Kentucky is a state with a very high rate of opiate use and abuse. Opiates are very dangerous drugs that include heroin and other “hard drugs” that alter your state of mind. Many times, these drugs (like most) will require you to take more and more in order to get the same “buzz,” and over an extended period of time, these drugs can really take a toll on your body. They’re very addictive, and unfortunately, there are a lot of mothers in the state of Kentucky that are addicted to opiates and using them on a regular basis, which ends up affecting their babies when they are born.
In some hospitals, there are times when upwards of 14 of 26 infants in there that are dealing with withdrawal symptoms from opiates that their mothers took during pregnancy. When these babies are suffering, they are simply upset. They are shouting. They have tremors. Their appearances — you have the grimace. They're in torment and pain and you can see it in their expressions and the way that they act. Sometimes, the infants have seizures and some babies even end up dying because of the effects that opiates have during pregnancy.
As attendants and specialists look after the infants, state and doctor's facility authorities are attempting to adapt to the bigger issue — assembling professionals, looking for awards to instruct general society and making unique newborn child withdrawal units in hospitals and maternity wards. In any case there's insufficient pill medicine for pregnant addicts, they say, and all the more needs to be carried out to ensure the lives the addicts convey. There are more and more addicted children being born every day, and something has to be done to help save these children. General society essentially can't bear to overlook this national plague.
A group of analysts composing in the Journal of the American Medical Association in May found that general social insurance costs for dependent babies are increasing faster than they ever have before — from $190million in 2000 to $720million in 2009. Dependent children stayed around 17 days in the doctor's facility at an expense of over $50,000 for every dependent baby, with government-supported Medicaid paying the bill in 80% of cases. That means that we’re footing the bill – and in Kentucky, they’ve been trying to do everything that they can to make sure that this stops, not only to save the babies and the mothers, but to help with the health care budgeting that they have to do as well.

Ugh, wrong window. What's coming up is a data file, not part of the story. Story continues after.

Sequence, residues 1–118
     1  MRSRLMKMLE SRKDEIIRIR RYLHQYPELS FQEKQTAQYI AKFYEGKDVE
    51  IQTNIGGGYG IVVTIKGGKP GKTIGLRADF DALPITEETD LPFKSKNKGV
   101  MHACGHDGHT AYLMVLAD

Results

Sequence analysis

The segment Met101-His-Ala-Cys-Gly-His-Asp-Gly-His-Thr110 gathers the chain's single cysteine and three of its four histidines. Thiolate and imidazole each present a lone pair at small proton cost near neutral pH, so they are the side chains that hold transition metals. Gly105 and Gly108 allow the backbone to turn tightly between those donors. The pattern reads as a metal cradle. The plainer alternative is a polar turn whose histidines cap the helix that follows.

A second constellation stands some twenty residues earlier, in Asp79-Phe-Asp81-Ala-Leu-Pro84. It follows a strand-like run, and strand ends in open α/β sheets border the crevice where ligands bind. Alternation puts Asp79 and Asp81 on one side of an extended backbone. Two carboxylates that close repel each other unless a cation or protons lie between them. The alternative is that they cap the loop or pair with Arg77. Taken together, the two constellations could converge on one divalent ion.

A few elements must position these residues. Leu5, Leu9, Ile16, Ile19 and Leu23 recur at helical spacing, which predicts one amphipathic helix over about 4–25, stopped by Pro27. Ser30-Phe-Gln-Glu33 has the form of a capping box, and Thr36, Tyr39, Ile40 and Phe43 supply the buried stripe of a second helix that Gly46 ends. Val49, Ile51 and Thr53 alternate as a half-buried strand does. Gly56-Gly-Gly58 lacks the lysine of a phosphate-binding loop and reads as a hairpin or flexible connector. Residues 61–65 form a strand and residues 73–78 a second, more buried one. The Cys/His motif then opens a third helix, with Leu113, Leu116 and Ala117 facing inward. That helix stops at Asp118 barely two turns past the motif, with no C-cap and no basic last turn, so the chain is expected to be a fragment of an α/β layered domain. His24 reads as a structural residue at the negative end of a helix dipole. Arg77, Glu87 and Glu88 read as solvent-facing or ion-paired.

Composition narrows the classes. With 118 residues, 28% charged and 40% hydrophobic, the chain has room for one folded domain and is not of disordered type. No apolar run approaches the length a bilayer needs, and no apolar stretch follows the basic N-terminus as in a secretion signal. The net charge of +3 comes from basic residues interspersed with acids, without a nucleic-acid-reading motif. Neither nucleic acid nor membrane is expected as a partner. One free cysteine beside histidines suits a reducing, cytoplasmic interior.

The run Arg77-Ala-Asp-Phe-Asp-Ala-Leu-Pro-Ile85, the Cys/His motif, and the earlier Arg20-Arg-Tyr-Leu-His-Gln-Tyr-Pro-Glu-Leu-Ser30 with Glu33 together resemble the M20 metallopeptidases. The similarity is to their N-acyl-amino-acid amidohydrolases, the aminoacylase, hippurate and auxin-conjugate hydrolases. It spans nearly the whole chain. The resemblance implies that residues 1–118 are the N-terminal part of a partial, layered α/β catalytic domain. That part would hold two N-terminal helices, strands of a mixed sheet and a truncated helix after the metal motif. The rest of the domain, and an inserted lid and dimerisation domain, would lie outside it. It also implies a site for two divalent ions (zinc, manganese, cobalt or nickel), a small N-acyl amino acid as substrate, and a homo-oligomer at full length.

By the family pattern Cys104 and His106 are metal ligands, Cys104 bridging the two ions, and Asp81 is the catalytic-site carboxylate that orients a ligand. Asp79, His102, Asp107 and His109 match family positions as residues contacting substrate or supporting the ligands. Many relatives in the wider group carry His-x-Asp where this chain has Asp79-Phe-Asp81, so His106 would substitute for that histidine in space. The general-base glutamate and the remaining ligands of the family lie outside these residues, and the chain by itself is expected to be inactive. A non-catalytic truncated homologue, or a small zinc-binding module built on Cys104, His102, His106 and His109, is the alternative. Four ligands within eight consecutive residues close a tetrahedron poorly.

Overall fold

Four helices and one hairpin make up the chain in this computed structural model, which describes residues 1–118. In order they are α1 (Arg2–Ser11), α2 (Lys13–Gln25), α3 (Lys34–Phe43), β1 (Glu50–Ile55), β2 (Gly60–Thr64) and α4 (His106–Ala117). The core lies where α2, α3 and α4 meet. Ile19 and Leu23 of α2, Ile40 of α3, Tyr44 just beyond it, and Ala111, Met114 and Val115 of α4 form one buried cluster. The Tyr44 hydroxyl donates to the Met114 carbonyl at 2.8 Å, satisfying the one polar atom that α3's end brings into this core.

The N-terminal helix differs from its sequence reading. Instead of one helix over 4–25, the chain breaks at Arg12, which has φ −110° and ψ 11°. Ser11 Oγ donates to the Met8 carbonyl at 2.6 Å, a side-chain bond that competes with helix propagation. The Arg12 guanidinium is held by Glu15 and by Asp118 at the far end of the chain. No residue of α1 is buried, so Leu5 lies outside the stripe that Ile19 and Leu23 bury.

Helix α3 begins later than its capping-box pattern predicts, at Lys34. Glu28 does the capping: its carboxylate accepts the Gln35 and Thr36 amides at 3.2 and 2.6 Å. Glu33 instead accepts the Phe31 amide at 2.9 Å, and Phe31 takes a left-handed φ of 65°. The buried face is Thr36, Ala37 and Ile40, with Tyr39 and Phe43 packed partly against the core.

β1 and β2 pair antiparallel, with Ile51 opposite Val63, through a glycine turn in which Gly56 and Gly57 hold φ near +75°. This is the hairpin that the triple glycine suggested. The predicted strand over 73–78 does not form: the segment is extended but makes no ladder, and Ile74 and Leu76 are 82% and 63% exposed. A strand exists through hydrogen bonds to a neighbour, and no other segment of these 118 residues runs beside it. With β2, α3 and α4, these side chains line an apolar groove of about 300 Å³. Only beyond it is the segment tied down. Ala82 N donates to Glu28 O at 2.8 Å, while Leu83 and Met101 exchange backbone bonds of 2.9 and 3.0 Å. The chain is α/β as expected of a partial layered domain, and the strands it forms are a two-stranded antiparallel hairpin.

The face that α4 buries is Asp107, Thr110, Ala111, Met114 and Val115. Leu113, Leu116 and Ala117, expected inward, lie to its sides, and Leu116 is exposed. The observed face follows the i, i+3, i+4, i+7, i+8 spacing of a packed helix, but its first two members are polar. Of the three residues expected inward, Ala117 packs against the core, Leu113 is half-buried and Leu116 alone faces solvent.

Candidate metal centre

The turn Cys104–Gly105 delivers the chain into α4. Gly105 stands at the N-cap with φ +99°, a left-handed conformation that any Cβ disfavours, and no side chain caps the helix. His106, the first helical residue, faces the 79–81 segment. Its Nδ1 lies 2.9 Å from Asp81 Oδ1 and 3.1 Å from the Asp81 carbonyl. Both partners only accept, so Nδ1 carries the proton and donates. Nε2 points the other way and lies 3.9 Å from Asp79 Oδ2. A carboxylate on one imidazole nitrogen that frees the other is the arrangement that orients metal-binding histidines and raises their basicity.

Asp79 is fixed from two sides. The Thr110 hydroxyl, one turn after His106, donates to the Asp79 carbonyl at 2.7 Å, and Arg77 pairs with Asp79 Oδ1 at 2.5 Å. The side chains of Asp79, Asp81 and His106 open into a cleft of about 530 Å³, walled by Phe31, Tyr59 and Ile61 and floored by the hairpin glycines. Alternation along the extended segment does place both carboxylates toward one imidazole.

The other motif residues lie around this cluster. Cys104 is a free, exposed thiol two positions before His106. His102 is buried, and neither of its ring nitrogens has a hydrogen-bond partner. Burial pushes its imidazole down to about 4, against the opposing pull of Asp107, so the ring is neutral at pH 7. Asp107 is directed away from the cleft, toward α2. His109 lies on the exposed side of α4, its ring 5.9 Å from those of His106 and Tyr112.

Obviously, it’s terrible for the baby to go through the symptoms, but research suggests that dependent infants may have higher rates of behavioral issues, consideration shortage and hyperactivity issues that could load schools and the health awareness framework for a considerable length of time to come .Individuals think it’s not entirely obvious that a child was born a “crack baby,” but because of the long term results. At the point when a mother delivers a dependent infant, she can confront the results and get help for the baby starting right then.
Criminal indictments, on the other hand, are impossible. In spite of the fact that women have been accused throughout the years of taking medications while pregnant, a 1993 Kentucky Supreme Court decision found that criminal child abuse doesn't necessarily relate to a woman's utilization of pills while pregnant. So that means that even though women cannot get thrown into jail for this, they do suffer other consequences for the lifelong effects that their decision(s) had on their child.
Yet having a drug influenced child can pressure and stress child protective administrations. Specialists and promoters said some women then receive the help that they need and keep their infants, however others lose care. Some specialists say that somewhere around four in 10 drug addicted infants can't go home with their moms.
As you can see, Kentucky is playing a big role in the whole opiate use in pregnant mothers issues. Obviously, opiate use in the state of Kentucky is not just limited to pregnant mothers, but they are a significant number of the cases that are dealt with every year. If you are looking for help in Kentucky, they have made sure that there are a number of avenues available to you and your loved ones. That way, both you and your child(ren) can receive the help that you need and live a healthy, drug free life. Contact your local organization today for more information and to get started on your journey to wholeness and wellness.